Keywords: productivity, trade, competition
    Date: 2016–07
  8. By: Timothy Kehoe (University of Minnesota); Sewon Hur (University of Pittsburgh); Kim Ruhl (New York University Stern School of Busi); Jose Asturias (Georgetown University)
    Abstract: In what order should a developing country adopt policy reforms? Do some policies complement each other? Do others substitute for each other? To address these questions, we develop a two-country dynamic general equilibrium model with entry and exit of firms that are monopolistic competitors. Distortions in the model include barriers to entry of firms, barriers to international trade, and barriers to contract enforcement. We find that a reform that reduces one of these distortions has different effects depending on the other distortions present. In particular, reforms to trade barriers and barriers to the entry of new firms are substitutable, as are reforms to contract enforcement and trade barriers. In contrast, reforms to contract enforcement and the barriers to entry are complementary. Finally, the optimal sequencing of reforms requires reforming trade barriers before contract enforcement.
    Date: 2016
  9. By: Peng, Lin; Roell, Ailsa; Tang, Hongfei
    Abstract: We examine, both theoretically and empirically, the determinants and performance impact of three measures of CEO incentives: pay-performance elasticity (PPE), semi-elasticity (PPSE), and sensitivity (PPS). Larger, more R&D intensive, and low-idiosyncratic risk firms have higher PPE and PPSE, resolving puzzling prior empirical findings based on PPS. Performance is generally hump-shaped in PPE and PPSE; shortfalls relative to predicted levels appear particularly detrimental to firm performance, suggesting that the average firm's incentives are at the low end of the optimal range. Overall, the results obtained with the PPE and PPSE measures accord better with economic intuition than those obtained using PPS.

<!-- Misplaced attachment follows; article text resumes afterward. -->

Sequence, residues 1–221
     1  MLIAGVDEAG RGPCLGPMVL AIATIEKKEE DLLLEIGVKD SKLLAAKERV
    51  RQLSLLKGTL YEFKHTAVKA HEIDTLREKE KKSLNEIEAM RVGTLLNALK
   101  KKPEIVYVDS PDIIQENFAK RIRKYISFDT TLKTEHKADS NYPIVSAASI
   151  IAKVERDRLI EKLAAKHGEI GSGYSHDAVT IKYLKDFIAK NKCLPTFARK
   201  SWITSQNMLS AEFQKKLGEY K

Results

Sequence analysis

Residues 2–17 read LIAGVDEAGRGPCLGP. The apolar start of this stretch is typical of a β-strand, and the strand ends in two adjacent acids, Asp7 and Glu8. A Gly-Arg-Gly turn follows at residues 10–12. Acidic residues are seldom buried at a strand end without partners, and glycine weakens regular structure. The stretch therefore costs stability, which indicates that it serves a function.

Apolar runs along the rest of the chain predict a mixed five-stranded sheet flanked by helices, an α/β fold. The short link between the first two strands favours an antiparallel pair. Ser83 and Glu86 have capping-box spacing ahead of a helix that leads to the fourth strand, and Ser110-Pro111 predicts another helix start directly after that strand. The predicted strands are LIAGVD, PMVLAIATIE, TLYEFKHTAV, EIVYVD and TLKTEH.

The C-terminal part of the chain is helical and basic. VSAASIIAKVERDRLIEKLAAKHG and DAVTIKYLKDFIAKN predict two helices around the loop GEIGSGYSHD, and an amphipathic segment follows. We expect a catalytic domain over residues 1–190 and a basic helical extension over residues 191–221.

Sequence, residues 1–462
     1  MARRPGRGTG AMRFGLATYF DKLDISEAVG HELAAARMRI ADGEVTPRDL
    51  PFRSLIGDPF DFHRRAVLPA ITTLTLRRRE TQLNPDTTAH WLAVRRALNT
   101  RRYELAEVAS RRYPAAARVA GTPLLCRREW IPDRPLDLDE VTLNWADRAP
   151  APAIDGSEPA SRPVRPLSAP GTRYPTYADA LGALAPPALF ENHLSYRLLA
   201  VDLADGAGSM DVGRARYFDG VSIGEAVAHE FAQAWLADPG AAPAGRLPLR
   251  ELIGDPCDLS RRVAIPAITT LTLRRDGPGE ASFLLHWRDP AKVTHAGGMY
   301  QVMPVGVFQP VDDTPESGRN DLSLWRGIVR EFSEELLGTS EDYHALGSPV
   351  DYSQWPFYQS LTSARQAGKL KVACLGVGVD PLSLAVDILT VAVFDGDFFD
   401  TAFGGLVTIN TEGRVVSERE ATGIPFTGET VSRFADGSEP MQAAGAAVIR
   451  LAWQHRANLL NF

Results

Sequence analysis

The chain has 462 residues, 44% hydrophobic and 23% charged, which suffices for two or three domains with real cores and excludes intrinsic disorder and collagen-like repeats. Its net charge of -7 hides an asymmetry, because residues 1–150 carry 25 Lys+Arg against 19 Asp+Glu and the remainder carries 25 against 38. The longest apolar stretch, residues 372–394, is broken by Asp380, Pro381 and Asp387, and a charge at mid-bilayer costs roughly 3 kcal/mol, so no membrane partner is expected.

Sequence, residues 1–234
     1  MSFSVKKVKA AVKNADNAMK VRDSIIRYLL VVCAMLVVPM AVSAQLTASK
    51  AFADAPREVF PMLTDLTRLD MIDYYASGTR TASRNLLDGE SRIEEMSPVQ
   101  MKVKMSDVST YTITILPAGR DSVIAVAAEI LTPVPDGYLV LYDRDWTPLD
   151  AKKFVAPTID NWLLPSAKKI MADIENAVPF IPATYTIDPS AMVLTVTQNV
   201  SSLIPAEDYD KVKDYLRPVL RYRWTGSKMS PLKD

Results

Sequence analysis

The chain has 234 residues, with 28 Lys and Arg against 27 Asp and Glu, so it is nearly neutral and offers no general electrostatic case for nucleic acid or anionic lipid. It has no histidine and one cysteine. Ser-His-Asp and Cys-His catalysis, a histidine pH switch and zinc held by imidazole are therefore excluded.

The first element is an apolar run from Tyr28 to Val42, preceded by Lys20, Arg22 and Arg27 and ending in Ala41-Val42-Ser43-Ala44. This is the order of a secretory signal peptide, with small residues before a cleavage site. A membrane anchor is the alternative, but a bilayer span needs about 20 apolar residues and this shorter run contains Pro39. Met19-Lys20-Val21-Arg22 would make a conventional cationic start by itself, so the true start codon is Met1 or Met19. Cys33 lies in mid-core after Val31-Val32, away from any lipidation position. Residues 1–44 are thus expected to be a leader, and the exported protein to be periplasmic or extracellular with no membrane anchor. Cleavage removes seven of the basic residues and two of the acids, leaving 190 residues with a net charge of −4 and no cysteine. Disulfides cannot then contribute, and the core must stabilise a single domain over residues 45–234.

Keywords: Executive compensation; pay-for-performance elasticity
    JEL: G32 G34
    Date: 2016–07
  10. By: Tim De Stefano; Richard Kneller; Jonathan Timmis
    Abstract: A recent literature has begun to recognise that ICT is heterogeneous and the effects from improving communication are distinct from those that improve the storage and processing of information. In this paper we use the arrival of a new communication technology, ADSL broadband internet, to study the effects of communication ICT on firm performance. To do so free from endogeneity bias, we construct instruments using the infrastructure underlying broadband internet - the pre-existing telephone network. We show that, after placing various restrictions on the sample, instruments based on the timing of ADSL broadband enablement and the cable distance to the local telephone exchange satisfy the conditions for instrument relevancy and validity for some types of ICT. We find in turn, that communication-ICT causally affects firm size (captured by either sales or employment) but not productivity.